IMG_0837While I was snooping around, a policeman noticed my car and drove in to see what I was doing. He called in my driver’s license number, to make sure I wasn’t wanted for something. Then we chatted about golf for a while, and he asked me whether another ten or fifteen minutes of trespassing would be enough. I thanked him, and he suggested that I stay out of the clubhouse.

Here's the back of the clubhouse. Those particle-board sheets cover the windows of what used to be the grill room and the golf shop.

Here’s the back of the clubhouse. Those particle-board sheets cover the windows of what used to be the restaurant and the golf shop.

It doesn’t take long for a golf hole to turn into something that isn’t recognizable as a golf hole. Here’s the first tee, the first fairway, and what’s left of the first-hole cart path:IMG_0822 That hole was a straightaway par 5. According to the sign, there were four tee positions:IMG_0827

Florida probably still has too many golf courses. Even so, it’s sad to see the ruins of a place where you know at least a few of the regulars felt more at home than they did at home.

IMG_0843Meanwhile, here in Connecticut, the golf courses might as well be in receivership. This is what my back yard looked like on Thursday afternoon, when the storm was still only getting started:

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And here’s how things looked on Friday morning. (The doghouse on the right, which is on top of a wall, belonged to one of the three cats that lived in our yard for many years.)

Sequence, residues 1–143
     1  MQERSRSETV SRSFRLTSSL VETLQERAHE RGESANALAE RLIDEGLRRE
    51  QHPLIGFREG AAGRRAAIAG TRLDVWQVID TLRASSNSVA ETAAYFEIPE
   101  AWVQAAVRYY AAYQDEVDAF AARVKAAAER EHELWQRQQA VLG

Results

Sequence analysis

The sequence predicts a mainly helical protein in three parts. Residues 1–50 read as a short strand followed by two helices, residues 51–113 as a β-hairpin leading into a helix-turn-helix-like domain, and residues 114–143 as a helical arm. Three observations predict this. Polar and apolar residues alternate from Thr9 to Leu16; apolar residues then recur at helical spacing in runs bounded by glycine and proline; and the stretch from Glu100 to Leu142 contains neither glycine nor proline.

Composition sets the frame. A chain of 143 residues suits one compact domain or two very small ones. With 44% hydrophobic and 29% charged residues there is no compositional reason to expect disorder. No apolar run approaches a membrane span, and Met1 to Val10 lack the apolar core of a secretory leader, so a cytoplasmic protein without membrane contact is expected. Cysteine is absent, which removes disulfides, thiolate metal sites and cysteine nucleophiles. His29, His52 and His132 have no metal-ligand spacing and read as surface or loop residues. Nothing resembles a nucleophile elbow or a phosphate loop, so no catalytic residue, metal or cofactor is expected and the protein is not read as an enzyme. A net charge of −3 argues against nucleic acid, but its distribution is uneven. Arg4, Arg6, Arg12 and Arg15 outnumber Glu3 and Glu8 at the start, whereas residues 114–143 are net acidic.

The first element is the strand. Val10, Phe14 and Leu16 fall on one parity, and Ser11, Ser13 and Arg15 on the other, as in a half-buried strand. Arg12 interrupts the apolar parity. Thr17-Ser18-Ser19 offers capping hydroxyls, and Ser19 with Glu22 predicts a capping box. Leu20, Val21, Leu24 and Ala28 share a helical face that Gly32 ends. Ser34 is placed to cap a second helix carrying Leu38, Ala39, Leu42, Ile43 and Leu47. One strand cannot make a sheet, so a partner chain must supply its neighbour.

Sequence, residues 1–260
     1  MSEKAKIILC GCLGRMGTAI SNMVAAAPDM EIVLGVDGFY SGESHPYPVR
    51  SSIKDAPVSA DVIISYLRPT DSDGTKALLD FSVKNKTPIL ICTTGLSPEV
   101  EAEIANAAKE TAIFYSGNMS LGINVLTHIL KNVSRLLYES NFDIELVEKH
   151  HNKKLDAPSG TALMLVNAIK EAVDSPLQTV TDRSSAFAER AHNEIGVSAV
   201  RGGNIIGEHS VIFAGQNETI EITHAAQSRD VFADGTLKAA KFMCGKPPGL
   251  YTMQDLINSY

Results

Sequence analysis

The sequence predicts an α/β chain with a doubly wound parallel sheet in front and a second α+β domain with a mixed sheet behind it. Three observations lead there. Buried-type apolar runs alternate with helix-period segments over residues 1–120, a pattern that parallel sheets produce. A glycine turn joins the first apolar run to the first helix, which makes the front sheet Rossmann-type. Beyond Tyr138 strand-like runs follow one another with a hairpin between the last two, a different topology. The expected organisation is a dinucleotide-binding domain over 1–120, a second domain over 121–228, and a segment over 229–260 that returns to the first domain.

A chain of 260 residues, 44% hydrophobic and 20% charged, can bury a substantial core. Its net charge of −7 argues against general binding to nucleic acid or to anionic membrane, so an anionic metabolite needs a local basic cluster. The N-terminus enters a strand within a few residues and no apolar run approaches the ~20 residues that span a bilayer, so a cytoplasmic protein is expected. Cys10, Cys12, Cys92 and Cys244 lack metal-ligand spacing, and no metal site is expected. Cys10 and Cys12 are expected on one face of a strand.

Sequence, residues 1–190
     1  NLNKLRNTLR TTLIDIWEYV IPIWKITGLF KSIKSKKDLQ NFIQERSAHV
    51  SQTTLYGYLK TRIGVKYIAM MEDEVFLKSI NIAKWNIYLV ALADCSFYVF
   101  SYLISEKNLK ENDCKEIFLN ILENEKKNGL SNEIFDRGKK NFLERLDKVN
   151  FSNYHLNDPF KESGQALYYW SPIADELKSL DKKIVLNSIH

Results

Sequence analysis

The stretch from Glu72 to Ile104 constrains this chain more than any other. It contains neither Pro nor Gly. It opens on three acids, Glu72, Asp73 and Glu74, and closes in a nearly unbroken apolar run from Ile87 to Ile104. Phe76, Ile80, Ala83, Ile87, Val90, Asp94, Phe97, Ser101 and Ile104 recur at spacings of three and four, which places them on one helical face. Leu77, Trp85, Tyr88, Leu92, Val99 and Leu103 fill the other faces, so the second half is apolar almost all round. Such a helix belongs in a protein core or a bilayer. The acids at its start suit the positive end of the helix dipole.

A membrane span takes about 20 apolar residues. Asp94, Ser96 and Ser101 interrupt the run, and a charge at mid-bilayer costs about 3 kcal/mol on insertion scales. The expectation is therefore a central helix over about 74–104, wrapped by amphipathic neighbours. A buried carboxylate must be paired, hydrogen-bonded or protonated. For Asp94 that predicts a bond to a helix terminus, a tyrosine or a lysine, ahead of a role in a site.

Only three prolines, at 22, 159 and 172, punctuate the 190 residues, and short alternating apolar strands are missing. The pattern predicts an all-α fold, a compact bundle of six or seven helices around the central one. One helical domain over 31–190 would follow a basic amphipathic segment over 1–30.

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My wife and I have been throwing birdseed into the snow, and attracting mainly juncos and cardinals. When the seed runs low, the birds send an emissary to the back door to complain. When I got up this morning, there were junco footprints on the doormat:

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I tossed out a double load, and a few minutes later the birds were back:

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Birds really do this, incidentally. During the summer, when our hummingbird feeder runs out, a hummingbird will fly up to the window closest to the computer in my wife’s office, on the second floor, and hover there until she notices.

Same back yard, with hummingbird, in better times.

Same back yard, with hummingbird, in better times.

The wife of one of my golf buddies told me that when the feeder runs out at her house a hummingbird will fly, in sequence, to windows in the rooms where she can usually be found during the day: kitchen, bedroom, laundry room. After I’d fed the birds, I re-shoveled the path to the back door:

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Last week, my friends and I had no choice but to return to the simulators at Maggie McFly’s—which, I’m sorry to report, are showing their age. Our round lasted at least a half-hour longer than it should have, because the sensors had trouble picking up the balls. Still, it was golf. And, because Ferris had never played on a simulator before, we picked Pebble Beach. Here’s Rick, lining up a putt on the twelfth: